World leaders are meeting this week in Rome, Italy to discuss the current world food crisis.
While some there are trying to blame biofuels for the recent spike in food prices, this CNN story says the industry has some heavy-hitting allies who argue before the United Nations Food and Agriculture Organization that green energy is not to blame for more green being spent on grocery bills:
The president of Brazil, whose country’s sugar cane has long been used to produce ethanol that fuels cars and trucks, delivered an impassioned defense of biofuels.
“It is frightening to see attempts to draw a cause-and-effect relationship between biofuels and the rise of food prices,” said Luiz Inacio Lula da Silva. “It offends me to see fingers pointed against clean energy from biofuels, fingers soiled with oil and coal.”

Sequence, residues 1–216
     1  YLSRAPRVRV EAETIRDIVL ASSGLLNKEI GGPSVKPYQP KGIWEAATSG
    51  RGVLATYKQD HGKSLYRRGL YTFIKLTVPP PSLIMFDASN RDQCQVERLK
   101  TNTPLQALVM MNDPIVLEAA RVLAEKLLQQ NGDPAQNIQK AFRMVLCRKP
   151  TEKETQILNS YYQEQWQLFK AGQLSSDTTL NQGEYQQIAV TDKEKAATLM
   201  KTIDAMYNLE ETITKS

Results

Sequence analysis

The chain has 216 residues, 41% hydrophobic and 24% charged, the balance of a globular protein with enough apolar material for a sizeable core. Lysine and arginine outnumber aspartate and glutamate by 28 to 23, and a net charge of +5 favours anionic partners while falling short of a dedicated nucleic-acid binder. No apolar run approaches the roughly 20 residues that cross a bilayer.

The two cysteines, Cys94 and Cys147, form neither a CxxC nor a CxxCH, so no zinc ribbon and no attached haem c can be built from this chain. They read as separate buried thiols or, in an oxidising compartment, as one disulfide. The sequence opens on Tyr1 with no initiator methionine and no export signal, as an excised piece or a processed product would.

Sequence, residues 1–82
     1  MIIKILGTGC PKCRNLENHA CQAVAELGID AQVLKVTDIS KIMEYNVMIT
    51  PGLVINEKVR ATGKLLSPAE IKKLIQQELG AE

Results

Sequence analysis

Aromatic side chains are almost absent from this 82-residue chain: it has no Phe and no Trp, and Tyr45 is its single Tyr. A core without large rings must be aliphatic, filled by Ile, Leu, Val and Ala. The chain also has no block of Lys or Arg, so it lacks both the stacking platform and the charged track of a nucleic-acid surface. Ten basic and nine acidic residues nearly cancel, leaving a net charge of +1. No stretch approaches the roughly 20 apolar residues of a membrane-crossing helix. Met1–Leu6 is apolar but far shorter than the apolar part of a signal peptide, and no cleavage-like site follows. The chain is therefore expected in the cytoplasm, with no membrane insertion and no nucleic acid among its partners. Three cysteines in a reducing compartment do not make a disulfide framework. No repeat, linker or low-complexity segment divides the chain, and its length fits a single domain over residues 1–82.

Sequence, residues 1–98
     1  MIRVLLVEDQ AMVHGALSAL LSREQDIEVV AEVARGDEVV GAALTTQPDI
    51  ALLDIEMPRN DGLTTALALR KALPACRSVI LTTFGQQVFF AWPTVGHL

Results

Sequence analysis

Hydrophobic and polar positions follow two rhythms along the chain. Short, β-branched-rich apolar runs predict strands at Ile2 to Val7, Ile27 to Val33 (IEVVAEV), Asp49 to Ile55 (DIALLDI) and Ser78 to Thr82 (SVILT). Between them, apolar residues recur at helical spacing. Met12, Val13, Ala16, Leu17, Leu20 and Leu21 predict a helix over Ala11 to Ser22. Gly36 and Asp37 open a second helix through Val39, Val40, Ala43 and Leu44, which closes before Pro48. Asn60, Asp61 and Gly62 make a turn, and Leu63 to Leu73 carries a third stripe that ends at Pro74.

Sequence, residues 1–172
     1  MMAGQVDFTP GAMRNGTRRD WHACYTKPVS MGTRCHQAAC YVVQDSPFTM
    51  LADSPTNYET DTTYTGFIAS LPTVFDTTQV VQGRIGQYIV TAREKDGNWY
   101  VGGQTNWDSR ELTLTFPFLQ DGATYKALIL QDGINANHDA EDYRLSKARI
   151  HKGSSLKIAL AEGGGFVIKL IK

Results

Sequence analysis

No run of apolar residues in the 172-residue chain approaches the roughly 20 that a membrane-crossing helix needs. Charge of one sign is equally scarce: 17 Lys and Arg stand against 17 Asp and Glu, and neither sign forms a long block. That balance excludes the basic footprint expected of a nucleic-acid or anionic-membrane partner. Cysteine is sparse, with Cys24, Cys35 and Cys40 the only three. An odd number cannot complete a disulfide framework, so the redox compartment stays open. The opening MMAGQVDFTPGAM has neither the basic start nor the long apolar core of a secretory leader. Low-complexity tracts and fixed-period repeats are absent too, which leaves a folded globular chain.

And U.S. leaders are there as well to dispute claims that biodiesel and ethanol production are fully responsible for raising food prices worldwide by 30 percent or more:
While agreeing that sustainability and innovation are needed, U.S. Agriculture Secretary Ed Schafer insisted that biofuels contribute only 2 or 3 percent to a predicted 43 percent rise in prices this year.
“The use of sustainable biofuels can increase energy security, foster economic development especially in rural areas, and reduce greenhouse gas emissions without weighing heavily on food prices,” Schafer said in his address.
The talks continues through Thursday.